But if you go by yourself you need to be okay spending a lot of time in your own head. On the plus side, no constant negotiations on how far, or how fast, or where and what to eat, or where to stay.
+1. I have done most of my touring alone and have been on the road alone for as long as nearly two months. You really do need to be comfortable with your own company to spend a long time solo. And being able to make your own decisions is a real plus.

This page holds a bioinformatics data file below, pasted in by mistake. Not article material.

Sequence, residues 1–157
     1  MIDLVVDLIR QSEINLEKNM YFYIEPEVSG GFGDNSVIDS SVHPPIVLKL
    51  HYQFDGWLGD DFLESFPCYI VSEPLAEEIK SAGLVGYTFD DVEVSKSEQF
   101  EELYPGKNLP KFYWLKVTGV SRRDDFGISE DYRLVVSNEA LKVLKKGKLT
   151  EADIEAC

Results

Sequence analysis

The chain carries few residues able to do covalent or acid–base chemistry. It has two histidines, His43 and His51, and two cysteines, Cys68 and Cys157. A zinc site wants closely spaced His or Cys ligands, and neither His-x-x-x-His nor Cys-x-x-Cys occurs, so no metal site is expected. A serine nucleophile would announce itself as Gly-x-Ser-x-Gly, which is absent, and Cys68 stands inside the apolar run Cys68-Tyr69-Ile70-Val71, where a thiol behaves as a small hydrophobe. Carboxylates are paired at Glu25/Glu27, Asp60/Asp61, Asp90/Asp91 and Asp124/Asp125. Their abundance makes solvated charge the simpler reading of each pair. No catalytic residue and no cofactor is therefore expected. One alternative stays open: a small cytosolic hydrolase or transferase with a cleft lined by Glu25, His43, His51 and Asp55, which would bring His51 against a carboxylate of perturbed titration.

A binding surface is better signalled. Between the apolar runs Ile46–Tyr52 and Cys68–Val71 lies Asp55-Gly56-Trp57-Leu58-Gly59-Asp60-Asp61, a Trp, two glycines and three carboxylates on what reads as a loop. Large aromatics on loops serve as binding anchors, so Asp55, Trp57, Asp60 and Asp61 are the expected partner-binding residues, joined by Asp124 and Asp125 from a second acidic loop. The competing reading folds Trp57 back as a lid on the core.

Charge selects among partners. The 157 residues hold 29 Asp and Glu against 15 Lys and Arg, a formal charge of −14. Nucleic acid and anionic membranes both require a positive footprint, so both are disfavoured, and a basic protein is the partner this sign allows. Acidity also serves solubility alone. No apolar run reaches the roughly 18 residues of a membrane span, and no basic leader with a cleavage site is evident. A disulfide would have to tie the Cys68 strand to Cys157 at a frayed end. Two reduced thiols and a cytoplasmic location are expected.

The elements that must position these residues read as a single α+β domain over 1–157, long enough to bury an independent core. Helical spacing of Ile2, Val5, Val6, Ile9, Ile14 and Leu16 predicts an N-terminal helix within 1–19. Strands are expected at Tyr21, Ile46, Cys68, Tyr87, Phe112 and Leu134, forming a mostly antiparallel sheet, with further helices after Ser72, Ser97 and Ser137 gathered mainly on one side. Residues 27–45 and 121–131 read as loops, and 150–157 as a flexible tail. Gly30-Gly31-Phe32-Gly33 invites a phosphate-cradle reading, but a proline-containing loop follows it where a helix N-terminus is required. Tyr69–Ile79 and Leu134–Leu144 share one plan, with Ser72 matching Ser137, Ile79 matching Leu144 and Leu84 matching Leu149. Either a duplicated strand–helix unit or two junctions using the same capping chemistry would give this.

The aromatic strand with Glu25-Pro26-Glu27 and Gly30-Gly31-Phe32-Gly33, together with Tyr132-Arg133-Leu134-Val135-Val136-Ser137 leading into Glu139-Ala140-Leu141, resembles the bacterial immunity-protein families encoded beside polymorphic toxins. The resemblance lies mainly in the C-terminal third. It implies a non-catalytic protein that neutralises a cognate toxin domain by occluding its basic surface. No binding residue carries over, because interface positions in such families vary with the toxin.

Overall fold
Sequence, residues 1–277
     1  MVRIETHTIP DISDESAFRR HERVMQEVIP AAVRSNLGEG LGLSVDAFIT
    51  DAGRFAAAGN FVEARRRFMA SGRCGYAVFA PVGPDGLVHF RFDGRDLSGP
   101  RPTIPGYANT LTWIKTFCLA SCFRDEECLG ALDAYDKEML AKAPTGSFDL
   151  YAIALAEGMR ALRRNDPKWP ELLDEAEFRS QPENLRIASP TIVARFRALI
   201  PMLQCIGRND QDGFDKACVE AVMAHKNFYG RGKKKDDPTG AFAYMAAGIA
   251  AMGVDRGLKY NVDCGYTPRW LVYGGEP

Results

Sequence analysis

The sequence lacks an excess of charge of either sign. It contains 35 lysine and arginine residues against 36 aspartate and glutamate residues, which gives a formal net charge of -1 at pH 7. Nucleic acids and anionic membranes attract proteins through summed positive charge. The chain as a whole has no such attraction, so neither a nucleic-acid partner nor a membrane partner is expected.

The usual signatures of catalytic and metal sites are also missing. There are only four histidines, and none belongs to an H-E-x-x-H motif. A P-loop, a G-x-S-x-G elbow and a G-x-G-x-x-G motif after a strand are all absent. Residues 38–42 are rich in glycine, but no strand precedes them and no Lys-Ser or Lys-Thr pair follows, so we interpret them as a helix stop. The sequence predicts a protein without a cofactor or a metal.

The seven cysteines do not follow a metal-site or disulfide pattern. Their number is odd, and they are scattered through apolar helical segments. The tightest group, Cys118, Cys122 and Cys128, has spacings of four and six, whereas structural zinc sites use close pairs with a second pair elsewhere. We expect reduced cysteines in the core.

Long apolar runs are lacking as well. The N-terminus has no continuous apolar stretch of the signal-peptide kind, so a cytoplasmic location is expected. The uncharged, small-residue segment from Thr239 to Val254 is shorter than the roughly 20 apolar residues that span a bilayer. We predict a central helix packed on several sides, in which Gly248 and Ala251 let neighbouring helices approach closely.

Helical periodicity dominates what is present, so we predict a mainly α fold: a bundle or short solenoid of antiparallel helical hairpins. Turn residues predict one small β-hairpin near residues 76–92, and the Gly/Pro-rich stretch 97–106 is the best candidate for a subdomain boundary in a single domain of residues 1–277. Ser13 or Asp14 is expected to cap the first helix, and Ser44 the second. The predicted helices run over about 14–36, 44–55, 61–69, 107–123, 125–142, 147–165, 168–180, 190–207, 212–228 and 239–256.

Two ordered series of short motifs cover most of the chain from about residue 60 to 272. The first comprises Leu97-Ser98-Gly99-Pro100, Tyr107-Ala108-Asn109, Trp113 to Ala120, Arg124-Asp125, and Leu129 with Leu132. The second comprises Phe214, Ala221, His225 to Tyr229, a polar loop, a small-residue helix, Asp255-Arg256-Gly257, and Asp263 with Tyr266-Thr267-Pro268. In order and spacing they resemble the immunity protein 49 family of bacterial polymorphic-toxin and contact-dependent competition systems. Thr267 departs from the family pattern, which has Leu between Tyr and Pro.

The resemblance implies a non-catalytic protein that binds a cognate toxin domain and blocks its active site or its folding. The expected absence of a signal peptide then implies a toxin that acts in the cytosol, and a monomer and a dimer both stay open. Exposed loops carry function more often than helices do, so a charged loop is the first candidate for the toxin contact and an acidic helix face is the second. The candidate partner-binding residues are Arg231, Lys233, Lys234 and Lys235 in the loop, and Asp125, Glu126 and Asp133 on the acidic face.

I will also bet that solo travellers receive more "acts of kindness." My very first tour started out with ACA's group tour across the Northern Tier. When that part of the trip ended, I rode home solo in about three weeks. As a group of a dozen, we seemed more self-sufficient when together in camp and thus were rarely offered assistance. During my solo trip home, I was offered things several times, including a half a pie that a woman had baked in her RV. During the group portion of the trip, it would not be odd to find yourself riding alone. It was then that people were more likely to experience acts of kindness. One woman in the group who was riding solo one day was invited into the home of a woman in rural ND and served tea.